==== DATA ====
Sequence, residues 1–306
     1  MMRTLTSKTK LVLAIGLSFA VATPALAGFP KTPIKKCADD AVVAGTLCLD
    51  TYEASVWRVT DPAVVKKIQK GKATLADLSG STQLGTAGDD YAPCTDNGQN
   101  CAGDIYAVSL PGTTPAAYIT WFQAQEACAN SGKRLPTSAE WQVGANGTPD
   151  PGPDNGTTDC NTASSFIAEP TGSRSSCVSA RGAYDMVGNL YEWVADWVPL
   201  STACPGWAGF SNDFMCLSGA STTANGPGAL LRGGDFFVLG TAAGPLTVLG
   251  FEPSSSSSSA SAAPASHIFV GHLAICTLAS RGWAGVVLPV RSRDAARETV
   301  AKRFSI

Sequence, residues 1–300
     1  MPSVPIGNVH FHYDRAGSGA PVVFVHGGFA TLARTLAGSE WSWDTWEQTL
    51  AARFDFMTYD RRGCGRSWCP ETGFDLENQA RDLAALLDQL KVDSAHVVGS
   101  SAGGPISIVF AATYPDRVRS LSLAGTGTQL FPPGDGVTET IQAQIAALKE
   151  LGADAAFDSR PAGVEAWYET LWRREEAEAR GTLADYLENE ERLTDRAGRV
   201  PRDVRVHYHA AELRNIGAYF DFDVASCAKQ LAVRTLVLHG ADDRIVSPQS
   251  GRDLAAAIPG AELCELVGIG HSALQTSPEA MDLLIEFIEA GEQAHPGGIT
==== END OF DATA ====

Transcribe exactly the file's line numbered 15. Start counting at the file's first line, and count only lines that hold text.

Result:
   251  GRDLAAAIPG AELCELVGIG HSALQTSPEA MDLLIEFIEA GEQAHPGGIT